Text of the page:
L’operazione di rimpatrio arriva a poche settimane dallo smantellamento del campo di Calais, in Francia, importante punto di transito per molti iracheni e afgani diretti a Londra. Il volo charter della Air Italy ha anche un nome in codice: “Rangat”. A diffondere la notizia del coinvolgimento di Air Italy in queste operazioni è la rete NCADC: National Coalition of Anti-deportation Campaign. Che contro Air Italy ha lanciato una campagna internazionale a cui vi invitiamo a partecipare. Ecco come.
Scrivete al presidente di Air Italy, Giuseppe Gentile, a firstname.lastname@example.org. Se volete fare prima, copiate e incollate il testo seguente, in inglese, messo in rete da NCADC. Oppure mandate un fax allo 0331.211019 o telefonate allo 0331.211011
Att: Giuseppe Gentile, President & C.E.O. Air Italy Air Italy Corso Sempione 111, 21013 Gallarate (Va) Italia
Dear Mr. Gentile,
I am appalled to hear that your company Air Italy was involved in the forcible removal by a charter flight leased to UK Border Agency of 39 Iraqi's who had sought asylum in the UK to an unknown destination in Iraq on Wednesday 14th October from Stansted Airport in the United Kingdom. 'Operation Rangat' was the name given to the charter flight by the UK Border Agency. I am concerned, as a member of the public and as well as a potential customer, that this involvement will damage Air Italy’s reputation.
Many of the cases of failed seekers of asylum from Iraq, have suffered from inadequate legal epresentation, poor translation facilities and a stubborn refusal by UK Border Agency to face the realities of the devastation Iraq has suffered since 2003 all these factors have seriously disadvantaged seekers of asylum from the Iraq in the UK context. Iraq is one of the most deadly places in the world. Since 2003 over 186,924 civilian lives have been lost and though the war is assumed to be over, there is no 'peace' and deaths continue daily/weekly.
USA 2008 Country Reports on Human Rights Practices in Iraq
"Significant human rights problems were reported: a climate of violence; misappropriation of official authority by sectarian, criminal, and extremist groups; arbitrary deprivation of life; disappearances; torture and other cruel, inhuman, or degrading treatment or punishment; impunity; poor conditions in pre-trial detention and prison facilities; denial of fair public trials; arbitrary arrest and detention; arbitrary interference with privacy and home; other abuses in internal conflicts; limitations on freedoms of speech/press/assembly, and association due to sectarianism/extremist threats and violence; restrictions on religious freedom; restrictions on freedom of movement; lack of transparency and widespread, severe corruption at all levels of government; constraints on investigations of alleged violations of human rights; discrimination against and societal abuses of women, and ethnic and religious minorities; human trafficking; societal discrimination and violence against individuals based on sexual orientation; and limited exercise of labour rights.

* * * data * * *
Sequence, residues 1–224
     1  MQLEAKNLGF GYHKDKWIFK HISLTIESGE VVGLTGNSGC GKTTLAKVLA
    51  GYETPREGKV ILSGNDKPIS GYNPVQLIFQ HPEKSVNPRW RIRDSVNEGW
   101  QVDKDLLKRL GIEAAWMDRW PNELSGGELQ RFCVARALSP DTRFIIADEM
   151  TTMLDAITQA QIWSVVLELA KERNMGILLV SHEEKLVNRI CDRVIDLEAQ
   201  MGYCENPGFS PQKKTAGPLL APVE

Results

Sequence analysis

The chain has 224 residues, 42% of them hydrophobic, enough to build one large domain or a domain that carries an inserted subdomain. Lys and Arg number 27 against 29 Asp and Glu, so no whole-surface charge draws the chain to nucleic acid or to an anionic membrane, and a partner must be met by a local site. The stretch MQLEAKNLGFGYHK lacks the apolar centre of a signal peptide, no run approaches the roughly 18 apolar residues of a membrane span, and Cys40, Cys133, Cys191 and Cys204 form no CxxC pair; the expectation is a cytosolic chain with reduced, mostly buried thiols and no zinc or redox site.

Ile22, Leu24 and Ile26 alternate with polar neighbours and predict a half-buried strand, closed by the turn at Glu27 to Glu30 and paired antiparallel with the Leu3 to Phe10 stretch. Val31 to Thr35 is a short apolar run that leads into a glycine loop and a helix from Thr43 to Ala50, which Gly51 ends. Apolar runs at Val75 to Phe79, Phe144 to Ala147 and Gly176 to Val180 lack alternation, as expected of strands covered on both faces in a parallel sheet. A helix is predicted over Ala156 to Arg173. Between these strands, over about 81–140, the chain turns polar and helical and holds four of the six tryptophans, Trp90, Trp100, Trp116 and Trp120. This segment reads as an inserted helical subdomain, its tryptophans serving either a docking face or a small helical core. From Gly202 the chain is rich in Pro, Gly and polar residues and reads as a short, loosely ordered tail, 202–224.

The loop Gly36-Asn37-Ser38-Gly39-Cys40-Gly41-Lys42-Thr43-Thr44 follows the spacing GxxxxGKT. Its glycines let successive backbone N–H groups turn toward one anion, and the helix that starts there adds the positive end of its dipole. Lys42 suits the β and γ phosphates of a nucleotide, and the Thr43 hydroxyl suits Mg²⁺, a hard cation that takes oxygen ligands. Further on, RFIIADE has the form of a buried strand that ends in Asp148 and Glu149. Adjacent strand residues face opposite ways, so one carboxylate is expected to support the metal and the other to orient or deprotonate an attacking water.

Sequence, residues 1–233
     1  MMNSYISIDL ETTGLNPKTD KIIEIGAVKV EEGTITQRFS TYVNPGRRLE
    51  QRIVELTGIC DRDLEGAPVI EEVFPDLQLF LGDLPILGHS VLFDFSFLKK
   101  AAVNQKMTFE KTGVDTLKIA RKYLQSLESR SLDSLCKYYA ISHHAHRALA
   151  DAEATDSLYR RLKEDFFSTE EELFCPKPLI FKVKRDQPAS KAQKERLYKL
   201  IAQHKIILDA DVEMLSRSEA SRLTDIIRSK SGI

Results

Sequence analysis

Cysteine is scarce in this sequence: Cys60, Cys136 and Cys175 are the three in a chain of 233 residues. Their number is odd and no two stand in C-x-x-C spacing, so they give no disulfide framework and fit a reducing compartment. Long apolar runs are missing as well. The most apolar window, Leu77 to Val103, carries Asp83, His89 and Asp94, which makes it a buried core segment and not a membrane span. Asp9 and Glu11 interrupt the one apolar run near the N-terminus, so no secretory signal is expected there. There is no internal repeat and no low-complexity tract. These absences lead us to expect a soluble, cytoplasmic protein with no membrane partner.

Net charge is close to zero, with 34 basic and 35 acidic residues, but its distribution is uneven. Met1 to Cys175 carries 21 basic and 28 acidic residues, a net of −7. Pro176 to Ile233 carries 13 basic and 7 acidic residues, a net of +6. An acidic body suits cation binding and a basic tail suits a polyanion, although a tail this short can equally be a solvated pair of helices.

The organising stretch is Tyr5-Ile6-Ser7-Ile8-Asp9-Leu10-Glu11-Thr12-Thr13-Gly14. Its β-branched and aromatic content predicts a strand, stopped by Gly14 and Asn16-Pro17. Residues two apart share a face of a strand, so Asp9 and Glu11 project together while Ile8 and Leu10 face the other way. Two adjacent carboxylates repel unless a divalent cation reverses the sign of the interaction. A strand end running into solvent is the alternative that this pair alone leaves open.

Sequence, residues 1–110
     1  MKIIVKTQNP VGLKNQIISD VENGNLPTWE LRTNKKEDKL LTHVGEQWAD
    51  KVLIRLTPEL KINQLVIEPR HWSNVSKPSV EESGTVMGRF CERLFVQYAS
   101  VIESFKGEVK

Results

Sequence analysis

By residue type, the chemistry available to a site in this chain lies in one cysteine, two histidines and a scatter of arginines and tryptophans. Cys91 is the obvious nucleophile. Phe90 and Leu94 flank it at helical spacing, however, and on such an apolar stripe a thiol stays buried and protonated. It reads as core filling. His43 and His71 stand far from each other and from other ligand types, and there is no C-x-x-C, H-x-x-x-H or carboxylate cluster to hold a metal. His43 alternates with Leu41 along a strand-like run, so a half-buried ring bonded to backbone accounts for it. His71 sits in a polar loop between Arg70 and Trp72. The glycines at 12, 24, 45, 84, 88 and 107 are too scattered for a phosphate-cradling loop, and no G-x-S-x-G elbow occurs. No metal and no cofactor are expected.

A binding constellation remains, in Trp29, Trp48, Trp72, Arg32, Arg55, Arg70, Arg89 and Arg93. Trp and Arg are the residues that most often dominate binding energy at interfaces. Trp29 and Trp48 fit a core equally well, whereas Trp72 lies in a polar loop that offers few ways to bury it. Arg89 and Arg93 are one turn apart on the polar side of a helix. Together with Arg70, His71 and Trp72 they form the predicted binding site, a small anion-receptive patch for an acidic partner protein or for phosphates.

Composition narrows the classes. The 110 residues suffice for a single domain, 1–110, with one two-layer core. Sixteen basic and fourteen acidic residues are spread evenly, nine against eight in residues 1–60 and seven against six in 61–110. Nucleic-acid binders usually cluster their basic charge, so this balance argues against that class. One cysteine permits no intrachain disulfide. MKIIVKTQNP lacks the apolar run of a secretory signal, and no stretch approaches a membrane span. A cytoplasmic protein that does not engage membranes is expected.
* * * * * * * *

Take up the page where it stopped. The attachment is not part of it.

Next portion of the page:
Insurgent and extremist violence, coupled with weak government performance in upholding the rule of law, resulted in widespread and severe human rights abuses. Terrorist groups such as AQI and other extremist elements continued to launch attacks against Shia and Sunnis, fuelling sectarian tensions and undermining the government's ability to maintain law and order. Extremist and AQI attacks against Sunni SOI and tribal leaders and offices rose during the year. Extremists and AQI also conducted high-profile bombings near Shia markets and mosques and killed Shia religious pilgrims. Shia militias and armed paramilitary groups, some substantially incorporated into the ISF, also frequently attacked civilians and government officials. Religious minorities, sometimes labelled "anti-Islamic," were caught in the violence. During the year, despite some reconciliation and easing of tensions in several provinces, the government's human rights performance consistently fell short of according citizens the protections provided for by the law".
However lucrative the arrangement between Air Italy and the UK Border Agency is, participating in the forced removal of people to a country still in turmoil, where gross human rights occur daily, Air Italy stands to seriously damage its corporate image. I am concerned that Air Italy may consider this operation of leasing planes to UKBA from a purely profit perspective, and may not be aware that many of the people you will be transporting are being returned to a situation where they - on all available evidence - can face torture and even death. I would therefore urge Air Italy to reconsider its' involvement, present and future, in such schemes, until your company has fully appraised itself of the available evidence.
There seems a great risk that negative media attention to the outcomes of such 'deportation charters' to war zones could be commercially damaging for Air Italy. I would ask you Mr. Gentile, to immediately call a board meeting of Air Italy to discuss the issue of forcibly removing refused seekers of asylum from the UK, with a view to Air Italy, stopping the practice of leasing its' planes to UK Border Agency.
AGGIORNAMENTO Air Italy rinuncia ai charter della vergogna verso l'Iraq